Local doctor warns of measles outbreak across the US

Texas remains vigilant as measles spreads nationwide

SAN ANTONIO – The Centers for Disease Control and Prevention has reported a measles outbreak in several states. Texas is not yet one of them.

The CDC said 121 measles cases have been confirmed in the U.S. so far this year, as of the latest update on April 12. To compare, there were 58 confirmed cases in 2023.

Dr. Mandie Tibball Svatek, associate professor of pediatrics with University Health and UT Health San Antonio, said the community should pay attention to the outbreak because the illness is highly contagious.

“You don’t know whether you have the disease. So not probably until about two to three weeks after you’re exposed,” Svatek said.

The symptoms are a high fever, cough and red eyes, followed by a rash and spots inside the mouth.

The measles vaccine is given to children between 1 and 4 years old in two doses. But older adults can also fall ill, even if they’re vaccinated.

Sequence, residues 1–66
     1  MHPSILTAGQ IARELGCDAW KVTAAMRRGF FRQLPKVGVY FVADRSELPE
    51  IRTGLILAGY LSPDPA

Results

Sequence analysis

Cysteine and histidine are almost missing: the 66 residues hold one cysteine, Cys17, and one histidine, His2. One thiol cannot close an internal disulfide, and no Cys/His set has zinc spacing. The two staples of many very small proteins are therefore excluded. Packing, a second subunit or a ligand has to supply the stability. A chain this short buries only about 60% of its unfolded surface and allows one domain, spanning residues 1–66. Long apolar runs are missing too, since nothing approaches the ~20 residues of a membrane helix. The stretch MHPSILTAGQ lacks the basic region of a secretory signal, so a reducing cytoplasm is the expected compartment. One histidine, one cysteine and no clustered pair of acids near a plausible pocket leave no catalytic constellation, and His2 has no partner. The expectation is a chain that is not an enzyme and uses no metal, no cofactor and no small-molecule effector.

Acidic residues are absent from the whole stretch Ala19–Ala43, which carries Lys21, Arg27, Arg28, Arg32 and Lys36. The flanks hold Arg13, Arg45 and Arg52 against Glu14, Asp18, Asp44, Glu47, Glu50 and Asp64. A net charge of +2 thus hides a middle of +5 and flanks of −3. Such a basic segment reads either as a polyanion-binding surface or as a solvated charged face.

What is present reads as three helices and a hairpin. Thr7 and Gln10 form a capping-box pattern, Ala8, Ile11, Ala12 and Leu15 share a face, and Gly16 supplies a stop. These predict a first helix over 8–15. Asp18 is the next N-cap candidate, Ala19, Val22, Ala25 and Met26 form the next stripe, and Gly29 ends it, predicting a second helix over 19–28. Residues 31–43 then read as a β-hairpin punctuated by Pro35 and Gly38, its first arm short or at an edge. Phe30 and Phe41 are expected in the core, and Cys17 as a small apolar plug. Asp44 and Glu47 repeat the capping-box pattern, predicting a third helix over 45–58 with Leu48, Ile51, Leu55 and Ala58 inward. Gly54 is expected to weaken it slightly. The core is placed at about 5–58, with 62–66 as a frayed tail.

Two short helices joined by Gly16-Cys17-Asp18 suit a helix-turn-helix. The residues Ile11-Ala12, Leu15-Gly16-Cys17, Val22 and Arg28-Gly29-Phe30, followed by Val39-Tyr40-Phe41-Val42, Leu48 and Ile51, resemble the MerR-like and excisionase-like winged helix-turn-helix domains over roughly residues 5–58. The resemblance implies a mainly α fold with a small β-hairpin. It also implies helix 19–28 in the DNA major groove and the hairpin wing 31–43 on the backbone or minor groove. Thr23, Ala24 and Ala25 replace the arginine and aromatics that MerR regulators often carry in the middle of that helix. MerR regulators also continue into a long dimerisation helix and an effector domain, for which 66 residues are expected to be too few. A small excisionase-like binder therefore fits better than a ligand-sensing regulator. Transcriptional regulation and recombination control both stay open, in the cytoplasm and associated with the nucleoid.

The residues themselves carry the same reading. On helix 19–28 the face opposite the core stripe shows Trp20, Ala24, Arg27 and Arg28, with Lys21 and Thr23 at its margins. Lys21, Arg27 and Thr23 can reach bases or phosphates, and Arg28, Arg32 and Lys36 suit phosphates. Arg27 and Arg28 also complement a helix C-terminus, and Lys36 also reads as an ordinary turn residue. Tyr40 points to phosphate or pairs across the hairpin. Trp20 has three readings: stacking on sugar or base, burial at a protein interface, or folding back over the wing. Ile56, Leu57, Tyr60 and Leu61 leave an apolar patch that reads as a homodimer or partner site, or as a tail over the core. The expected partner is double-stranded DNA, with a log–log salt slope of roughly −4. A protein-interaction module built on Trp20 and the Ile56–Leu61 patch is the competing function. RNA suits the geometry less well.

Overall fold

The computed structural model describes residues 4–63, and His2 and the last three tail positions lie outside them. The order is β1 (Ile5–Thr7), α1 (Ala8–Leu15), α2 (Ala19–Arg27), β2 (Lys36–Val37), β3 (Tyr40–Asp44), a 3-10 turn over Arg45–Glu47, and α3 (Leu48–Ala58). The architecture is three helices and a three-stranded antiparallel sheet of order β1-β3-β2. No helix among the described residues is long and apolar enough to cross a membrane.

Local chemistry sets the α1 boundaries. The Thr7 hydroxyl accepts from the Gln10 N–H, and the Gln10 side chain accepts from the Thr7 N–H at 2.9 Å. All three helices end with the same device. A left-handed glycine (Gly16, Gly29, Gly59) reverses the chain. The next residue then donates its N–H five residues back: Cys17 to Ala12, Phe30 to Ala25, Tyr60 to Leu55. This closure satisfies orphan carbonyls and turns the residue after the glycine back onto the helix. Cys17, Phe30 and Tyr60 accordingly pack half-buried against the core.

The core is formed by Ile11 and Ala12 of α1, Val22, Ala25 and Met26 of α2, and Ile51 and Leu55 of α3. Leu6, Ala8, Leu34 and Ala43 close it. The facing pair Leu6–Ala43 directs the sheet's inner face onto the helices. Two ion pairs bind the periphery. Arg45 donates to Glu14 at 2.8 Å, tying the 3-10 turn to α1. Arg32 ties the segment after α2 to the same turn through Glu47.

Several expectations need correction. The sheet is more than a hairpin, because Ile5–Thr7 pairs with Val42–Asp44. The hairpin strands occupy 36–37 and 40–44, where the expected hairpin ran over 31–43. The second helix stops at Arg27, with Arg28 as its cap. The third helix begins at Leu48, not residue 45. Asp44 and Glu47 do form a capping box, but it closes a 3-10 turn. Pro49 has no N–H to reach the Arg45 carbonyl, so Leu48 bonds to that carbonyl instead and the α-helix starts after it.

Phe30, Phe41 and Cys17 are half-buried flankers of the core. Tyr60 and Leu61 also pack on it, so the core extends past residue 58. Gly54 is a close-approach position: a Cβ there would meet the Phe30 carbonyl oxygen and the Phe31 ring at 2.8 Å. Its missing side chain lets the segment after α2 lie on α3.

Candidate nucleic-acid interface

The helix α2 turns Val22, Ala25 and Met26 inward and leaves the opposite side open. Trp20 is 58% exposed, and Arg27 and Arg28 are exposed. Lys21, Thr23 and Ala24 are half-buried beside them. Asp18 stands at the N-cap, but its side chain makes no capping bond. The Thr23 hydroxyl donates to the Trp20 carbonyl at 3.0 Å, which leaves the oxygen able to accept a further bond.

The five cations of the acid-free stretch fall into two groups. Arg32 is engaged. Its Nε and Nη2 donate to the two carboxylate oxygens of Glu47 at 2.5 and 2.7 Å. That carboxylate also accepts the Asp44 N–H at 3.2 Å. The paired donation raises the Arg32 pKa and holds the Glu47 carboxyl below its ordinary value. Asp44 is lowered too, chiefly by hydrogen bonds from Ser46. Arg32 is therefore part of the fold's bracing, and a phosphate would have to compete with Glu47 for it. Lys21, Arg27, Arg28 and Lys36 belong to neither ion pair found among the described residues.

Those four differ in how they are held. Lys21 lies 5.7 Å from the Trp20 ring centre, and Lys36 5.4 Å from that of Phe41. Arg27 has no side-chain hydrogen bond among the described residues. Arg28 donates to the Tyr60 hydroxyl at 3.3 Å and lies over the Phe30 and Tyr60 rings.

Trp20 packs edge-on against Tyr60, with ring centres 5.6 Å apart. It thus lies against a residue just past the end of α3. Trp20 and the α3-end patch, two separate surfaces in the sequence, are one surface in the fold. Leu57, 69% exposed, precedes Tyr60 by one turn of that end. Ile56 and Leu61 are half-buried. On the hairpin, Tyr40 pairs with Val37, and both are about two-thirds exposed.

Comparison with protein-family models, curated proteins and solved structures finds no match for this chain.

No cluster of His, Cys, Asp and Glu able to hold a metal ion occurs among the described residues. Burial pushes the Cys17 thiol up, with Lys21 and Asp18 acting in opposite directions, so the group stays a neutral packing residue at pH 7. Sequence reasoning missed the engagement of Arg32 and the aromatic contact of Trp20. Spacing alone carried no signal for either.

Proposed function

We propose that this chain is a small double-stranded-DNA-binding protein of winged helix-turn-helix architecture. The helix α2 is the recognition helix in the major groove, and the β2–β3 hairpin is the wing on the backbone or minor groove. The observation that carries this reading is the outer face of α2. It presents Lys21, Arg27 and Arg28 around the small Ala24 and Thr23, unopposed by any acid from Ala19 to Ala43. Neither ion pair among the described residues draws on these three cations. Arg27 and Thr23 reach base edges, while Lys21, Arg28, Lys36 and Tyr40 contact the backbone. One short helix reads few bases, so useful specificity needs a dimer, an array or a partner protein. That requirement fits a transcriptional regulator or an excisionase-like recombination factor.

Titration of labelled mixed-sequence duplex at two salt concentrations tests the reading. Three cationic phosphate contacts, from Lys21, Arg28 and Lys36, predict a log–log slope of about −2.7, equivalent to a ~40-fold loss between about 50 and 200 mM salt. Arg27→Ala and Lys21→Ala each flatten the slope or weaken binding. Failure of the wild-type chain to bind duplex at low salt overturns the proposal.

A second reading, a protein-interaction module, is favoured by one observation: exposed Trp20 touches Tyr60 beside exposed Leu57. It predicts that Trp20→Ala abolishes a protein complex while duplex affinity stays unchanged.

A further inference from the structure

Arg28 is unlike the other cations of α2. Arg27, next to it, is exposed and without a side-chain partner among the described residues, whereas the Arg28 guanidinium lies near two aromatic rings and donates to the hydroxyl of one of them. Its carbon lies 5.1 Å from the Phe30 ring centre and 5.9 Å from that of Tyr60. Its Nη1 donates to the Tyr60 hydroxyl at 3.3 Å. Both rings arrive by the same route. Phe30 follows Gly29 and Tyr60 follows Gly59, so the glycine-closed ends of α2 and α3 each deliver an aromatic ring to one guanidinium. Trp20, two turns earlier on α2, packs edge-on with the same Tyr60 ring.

“As adults, what they do encourage is that kind of later on in life, because you haven’t received that vaccine since about the age of four, you may need to get revaccinated, especially if we’re starting to see it spread in certain areas,” she said.

Measles spreads through the air and is highly contagious.

“We have a lot of people in Texas, and we travel in and out of Texas to go to other countries,” she said. “And we have an influx of individuals coming in. And so we know that, those individuals may not be vaccinated, they may be exposed, and that may put the rest of our population at risk. So we have to be careful and we have to have our guard up, and we need to protect our children, make sure they get the vaccine for measles.”

In 2019, Texas reported 23 cases of measles.

About the Authors

Patty Santos joined the KSAT 12 News team in July 2017. She has a proven track record of reporting on hard-hitting news that affects the community.

Santiago Esparza is a photojournalist at KSAT 12.

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